Open to the Public
While canoeing or hiking see if you can spot Flagg Pond's unique plants and animals. View All
Why You Should Visit
In a quiet corner of the Northeast Kingdom is Flagg Pond, a remote and wild place. Visitors are immediately struck that the shoreline is almost entirely undeveloped. The pond is very shallow with a maximum depth of only 6 feet. The shore consists of mats of grassy wetland and dense forest, the most important of which is the distinctive Northern white cedar swamp. There is a distinct and magical atmosphere within Northern white cedar swamps, with their shaggy cedar trees, soggy understory, sparse herbaceous plant layer and an array of luxuriant mosses and liverworts.
Why the Conservancy Selected This Site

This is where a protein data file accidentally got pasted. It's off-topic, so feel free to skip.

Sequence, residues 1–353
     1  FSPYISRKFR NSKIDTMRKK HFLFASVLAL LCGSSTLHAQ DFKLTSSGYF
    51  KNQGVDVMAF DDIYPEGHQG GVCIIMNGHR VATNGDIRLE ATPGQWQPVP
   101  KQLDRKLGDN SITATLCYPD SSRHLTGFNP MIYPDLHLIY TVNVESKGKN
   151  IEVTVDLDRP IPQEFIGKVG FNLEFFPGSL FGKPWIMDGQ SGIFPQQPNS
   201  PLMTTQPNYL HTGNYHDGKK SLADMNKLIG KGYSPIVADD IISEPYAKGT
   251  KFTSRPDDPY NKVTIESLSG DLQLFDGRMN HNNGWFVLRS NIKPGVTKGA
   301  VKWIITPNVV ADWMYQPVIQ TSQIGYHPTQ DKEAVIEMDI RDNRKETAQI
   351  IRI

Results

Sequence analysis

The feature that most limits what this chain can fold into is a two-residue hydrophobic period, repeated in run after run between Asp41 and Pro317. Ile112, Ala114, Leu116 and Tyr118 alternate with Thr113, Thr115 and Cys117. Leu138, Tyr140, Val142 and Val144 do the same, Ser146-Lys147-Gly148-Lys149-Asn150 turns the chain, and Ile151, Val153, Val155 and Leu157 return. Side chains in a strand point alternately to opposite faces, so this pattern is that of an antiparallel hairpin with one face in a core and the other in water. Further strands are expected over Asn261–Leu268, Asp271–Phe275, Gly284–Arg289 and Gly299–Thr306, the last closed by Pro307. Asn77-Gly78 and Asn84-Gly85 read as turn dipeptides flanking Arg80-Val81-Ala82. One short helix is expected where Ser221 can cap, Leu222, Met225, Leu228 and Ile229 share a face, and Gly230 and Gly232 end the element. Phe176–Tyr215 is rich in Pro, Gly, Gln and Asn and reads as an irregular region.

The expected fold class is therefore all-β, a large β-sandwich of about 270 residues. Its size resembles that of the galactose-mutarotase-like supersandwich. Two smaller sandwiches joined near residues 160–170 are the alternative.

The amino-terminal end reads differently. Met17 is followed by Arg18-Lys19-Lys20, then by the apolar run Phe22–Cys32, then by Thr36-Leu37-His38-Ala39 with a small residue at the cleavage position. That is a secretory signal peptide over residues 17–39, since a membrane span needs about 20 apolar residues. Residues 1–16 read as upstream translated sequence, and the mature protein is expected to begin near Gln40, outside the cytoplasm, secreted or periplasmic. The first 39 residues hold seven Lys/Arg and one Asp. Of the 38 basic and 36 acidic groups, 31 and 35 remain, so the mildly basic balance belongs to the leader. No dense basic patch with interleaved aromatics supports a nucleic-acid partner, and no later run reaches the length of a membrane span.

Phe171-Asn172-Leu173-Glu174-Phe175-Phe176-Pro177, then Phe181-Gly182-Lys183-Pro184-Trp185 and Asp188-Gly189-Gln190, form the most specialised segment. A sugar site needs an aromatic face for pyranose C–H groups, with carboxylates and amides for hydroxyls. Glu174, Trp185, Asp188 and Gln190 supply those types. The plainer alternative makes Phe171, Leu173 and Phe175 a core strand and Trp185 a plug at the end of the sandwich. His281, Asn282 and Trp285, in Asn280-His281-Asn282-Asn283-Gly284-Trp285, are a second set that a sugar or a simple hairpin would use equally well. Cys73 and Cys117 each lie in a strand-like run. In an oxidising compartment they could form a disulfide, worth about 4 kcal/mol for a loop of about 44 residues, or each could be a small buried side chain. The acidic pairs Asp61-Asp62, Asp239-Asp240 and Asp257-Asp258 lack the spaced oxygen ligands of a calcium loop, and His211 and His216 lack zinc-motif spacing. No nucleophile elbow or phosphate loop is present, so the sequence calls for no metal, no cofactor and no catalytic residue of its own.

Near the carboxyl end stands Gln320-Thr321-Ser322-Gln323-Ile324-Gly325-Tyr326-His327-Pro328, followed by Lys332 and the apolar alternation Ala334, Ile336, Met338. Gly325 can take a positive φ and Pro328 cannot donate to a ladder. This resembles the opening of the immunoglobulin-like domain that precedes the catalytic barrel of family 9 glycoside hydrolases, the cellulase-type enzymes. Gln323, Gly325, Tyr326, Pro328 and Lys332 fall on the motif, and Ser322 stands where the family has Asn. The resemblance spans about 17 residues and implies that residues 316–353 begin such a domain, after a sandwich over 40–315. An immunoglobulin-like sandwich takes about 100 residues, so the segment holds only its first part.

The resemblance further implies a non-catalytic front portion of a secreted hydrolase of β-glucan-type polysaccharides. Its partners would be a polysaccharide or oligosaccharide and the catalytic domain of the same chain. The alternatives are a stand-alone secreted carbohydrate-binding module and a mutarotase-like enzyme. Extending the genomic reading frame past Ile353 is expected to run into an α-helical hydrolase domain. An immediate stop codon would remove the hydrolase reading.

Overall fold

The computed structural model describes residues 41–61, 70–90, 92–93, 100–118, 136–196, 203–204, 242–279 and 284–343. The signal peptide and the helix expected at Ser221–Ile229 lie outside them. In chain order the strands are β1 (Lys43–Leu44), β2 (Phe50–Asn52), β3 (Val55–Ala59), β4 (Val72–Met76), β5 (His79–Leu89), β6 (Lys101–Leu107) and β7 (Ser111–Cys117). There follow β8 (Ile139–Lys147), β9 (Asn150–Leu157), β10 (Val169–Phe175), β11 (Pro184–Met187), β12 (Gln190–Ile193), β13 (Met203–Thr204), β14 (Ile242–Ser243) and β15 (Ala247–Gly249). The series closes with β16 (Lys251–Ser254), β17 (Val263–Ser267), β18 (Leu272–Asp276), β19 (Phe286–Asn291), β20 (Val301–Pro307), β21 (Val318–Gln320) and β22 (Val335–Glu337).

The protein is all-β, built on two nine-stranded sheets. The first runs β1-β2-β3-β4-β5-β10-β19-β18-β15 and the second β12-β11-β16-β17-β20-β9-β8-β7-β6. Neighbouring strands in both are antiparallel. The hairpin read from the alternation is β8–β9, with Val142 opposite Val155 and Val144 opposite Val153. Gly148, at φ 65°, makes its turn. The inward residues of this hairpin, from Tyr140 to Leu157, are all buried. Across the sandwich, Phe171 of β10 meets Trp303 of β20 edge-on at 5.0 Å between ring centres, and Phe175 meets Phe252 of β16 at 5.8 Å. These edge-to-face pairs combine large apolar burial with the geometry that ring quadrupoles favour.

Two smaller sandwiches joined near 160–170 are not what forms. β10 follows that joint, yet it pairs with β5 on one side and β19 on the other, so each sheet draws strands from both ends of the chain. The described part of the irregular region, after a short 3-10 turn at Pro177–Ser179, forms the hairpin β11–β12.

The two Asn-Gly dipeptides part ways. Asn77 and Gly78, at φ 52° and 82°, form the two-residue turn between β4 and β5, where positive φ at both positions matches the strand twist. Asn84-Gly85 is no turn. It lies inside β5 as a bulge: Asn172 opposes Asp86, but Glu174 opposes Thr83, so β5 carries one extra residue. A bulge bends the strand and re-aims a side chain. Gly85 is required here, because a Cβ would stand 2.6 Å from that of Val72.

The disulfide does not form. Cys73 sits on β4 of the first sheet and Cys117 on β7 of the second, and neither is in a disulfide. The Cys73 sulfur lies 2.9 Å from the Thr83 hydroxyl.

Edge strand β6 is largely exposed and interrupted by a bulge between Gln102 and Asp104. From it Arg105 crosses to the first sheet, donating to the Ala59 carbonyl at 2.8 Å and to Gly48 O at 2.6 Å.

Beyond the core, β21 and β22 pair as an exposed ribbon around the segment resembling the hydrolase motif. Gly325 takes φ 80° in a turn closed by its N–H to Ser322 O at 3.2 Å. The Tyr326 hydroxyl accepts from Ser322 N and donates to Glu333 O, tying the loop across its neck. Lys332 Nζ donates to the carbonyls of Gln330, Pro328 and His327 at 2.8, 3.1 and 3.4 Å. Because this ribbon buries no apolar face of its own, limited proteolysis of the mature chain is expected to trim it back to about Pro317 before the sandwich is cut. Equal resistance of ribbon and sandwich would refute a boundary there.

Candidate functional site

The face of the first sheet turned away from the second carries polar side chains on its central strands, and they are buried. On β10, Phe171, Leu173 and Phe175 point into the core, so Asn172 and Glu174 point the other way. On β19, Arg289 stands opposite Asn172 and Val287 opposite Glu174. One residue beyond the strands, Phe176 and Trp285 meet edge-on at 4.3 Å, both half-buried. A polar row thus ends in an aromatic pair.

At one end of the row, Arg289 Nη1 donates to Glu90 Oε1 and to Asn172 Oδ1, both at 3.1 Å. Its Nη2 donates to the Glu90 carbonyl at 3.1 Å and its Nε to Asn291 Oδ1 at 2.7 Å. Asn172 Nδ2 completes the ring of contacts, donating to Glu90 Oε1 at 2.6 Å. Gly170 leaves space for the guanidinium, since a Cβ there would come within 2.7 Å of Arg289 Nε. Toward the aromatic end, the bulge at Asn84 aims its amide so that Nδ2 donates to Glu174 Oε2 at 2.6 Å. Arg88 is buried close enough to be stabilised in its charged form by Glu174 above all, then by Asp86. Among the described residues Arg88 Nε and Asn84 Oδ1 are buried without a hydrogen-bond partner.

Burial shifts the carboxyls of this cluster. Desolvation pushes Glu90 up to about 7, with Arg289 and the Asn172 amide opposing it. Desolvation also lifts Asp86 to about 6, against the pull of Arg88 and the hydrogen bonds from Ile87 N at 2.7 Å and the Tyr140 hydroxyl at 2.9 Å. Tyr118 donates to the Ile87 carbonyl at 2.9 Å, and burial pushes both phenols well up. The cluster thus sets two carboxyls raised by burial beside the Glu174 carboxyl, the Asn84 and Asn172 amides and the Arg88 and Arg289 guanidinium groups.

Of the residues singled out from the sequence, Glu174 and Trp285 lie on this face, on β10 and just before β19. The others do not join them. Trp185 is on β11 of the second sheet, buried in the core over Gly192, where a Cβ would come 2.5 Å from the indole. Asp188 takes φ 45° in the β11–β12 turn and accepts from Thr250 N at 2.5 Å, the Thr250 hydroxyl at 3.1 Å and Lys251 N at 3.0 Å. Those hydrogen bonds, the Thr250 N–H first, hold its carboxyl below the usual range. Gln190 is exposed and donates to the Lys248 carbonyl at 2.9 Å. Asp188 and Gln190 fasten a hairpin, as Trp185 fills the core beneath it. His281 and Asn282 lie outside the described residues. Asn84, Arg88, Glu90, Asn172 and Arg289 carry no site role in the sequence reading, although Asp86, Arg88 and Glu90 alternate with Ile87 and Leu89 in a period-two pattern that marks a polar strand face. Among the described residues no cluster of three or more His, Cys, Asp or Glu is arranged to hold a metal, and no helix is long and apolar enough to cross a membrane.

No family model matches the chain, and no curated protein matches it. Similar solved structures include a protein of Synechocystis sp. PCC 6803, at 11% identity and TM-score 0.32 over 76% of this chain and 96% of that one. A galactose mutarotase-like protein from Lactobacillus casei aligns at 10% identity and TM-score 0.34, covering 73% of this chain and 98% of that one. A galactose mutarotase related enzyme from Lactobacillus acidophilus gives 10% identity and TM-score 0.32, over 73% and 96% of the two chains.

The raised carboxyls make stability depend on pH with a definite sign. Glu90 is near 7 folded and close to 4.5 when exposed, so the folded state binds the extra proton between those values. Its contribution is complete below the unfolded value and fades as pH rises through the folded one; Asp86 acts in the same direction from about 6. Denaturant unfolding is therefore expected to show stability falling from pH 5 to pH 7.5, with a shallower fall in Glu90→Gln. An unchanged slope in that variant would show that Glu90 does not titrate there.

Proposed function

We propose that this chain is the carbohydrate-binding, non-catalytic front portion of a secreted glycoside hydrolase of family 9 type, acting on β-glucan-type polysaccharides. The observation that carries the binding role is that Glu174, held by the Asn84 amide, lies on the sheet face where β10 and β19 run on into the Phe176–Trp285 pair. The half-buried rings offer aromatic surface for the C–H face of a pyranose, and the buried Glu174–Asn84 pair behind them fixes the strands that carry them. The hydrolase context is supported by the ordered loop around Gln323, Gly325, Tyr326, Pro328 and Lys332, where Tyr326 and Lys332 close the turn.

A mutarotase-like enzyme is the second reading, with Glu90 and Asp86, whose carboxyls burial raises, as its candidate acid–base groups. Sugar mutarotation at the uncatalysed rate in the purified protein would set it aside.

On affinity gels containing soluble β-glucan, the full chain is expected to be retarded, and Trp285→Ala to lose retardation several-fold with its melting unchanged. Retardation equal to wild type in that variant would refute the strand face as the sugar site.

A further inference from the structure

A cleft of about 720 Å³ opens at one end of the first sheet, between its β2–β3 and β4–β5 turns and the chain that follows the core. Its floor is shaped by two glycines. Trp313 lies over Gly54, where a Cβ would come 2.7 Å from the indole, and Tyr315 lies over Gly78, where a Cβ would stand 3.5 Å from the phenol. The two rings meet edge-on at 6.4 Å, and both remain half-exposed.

Vermont is home to some of the best examples of Northern white cedar swamp in the Northeastern United States. Flagg Pond's 70-acre cedar swamp is among the finest in the state. Though signs of limited logging can be seen, some cedars here are at least 150 years old.
What the Conservancy is Doing
The Conservancy worked for two decades before succeeding at protecting Flagg Pond in 2008.
Please read our Preserve Visitation Guidelines.
What to See: Plants
Five state-rare plant species such as the ram's head lady's slipper and hidden-fruited bladderwort thrive at Flagg Pond. Other rare species include swamp fly honeysuckle, fairy slipper, and dropping blue-grass. Many of the common species are equally beautiful such as balsam fir, dwarf raspberry, wood sorrel, starflower, stair step moss.
What to See: Animals
It is not uncommon to see osprey fishing the warm-water fishery, great blue heron patrolling the shoreline, beavers building their winter lodges or even black bears and their cubs foraging in the swamp.
From the town of Hardwick, take Rt. 15 east. Turn left on Rte. 16 and travel 6.5 miles, turning right on unmarked Gonyaw Hill Rd. In 2.0 miles, turn right on Flagg Pond Rd. The boat launch access is .2 miles ahead. Park along the road on the left (east) side.